Omaha-area voters are likely to face the state’s most competitive congressional race in 2024. (Getty Images)
LINCOLN — To ensure the security of Nebraska elections and state computer networks, one lawmaker proposes hiring an “ethical hacker” who would try to breach such systems.
Legislative Bill 1303, introduced by State Sen. Loren Lippincott of Central City, would add an “ethical hacker” to the Nebraska State Patrol’s staff. The hacker’s chief duties would be to attempt to hack into election hardware or software and the state’s computer networks or systems that might be targets of malicious or criminal activity.
“This individual, equipped with specialized knowledge and skills, will serve as a vigilant sentinel, constantly monitoring, detecting and thwarting potential cyber instructions and attacks,” Lippincott said Thursday.
Lippincott told the Government, Military and Veterans Affairs Committee that LB 1303 would be a “proactive stance” in mitigating cyber vulnerabilities that would ensure the integrity and security of state systems and electoral infrastructure.
“If we are testing our systems from multiple sides, we can only be made stronger from the vulnerabilities found and then secured,” Lippincott continued.
The ethical hacker’s work to attempt to breach election systems, Lippincott said, may be “either imperative or unnecessary,” a difference of monotony or needed protection for the state.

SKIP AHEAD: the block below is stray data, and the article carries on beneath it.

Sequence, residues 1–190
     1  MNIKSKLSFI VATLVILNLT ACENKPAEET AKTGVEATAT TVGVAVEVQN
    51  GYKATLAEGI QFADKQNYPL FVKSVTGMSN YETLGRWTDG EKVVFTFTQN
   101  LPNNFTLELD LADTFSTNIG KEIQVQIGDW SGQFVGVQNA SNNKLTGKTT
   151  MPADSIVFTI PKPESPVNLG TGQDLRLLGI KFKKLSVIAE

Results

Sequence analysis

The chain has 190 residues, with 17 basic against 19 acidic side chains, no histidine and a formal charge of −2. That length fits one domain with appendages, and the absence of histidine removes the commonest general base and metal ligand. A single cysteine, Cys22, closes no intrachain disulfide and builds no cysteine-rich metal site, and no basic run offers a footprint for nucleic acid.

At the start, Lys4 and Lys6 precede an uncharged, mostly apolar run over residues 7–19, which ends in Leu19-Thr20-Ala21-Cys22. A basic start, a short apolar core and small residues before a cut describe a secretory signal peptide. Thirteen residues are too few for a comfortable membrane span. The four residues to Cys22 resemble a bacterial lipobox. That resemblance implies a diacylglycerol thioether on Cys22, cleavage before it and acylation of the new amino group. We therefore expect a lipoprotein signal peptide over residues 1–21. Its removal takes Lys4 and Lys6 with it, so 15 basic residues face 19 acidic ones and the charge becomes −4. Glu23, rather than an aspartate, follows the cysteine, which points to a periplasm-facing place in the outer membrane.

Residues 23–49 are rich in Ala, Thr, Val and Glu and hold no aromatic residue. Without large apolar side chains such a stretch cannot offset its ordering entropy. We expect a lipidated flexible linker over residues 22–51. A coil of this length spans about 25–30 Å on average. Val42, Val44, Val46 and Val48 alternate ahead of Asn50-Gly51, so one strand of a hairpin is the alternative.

No one testified for or against LB 1303. Four letters were submitted in support.
In one letter, David Russell, director of digital solutions for NMPP Energy, a coalition of four organizations in the Midwest and Rocky Mountain regions, said the “pivotal legislation” is a “critical step forward in safeguarding our state’s critical digital infrastructure.”
“Cyber security is an ever-evolving challenge that requires proactive and innovative solutions,” wrote Russell, a certified government chief information officer through Rutgers University.
Lippincott said he got the idea for LB 1303 from one of his nephews, who works as an ethical hacker, and the senator read a text from his nephew saying that organizations need both defensive and offensive security.
“If an organization is responsible for securing sensitive data of any kind, they must think like the enemy and be able to defend themselves from those enemies,” Lippincott said, quoting his nephew’s text.
A fiscal note prepared by the State Patrol estimates it would cost $150,000 to hire an external entity or corporation rather than a single ethical hacker as intended. This would be best practice, and industry standard, the State Patrol said. Costs for annual remediation measures, such as equipment or software, is estimated at $50,000.
Lippincott said he originally asked for a $100,000 salary for one hacker “strategically” positioned outside of the Nebraska Secretary of State’s Office for accountability and balance.
The committee took no immediate action on LB 1303.
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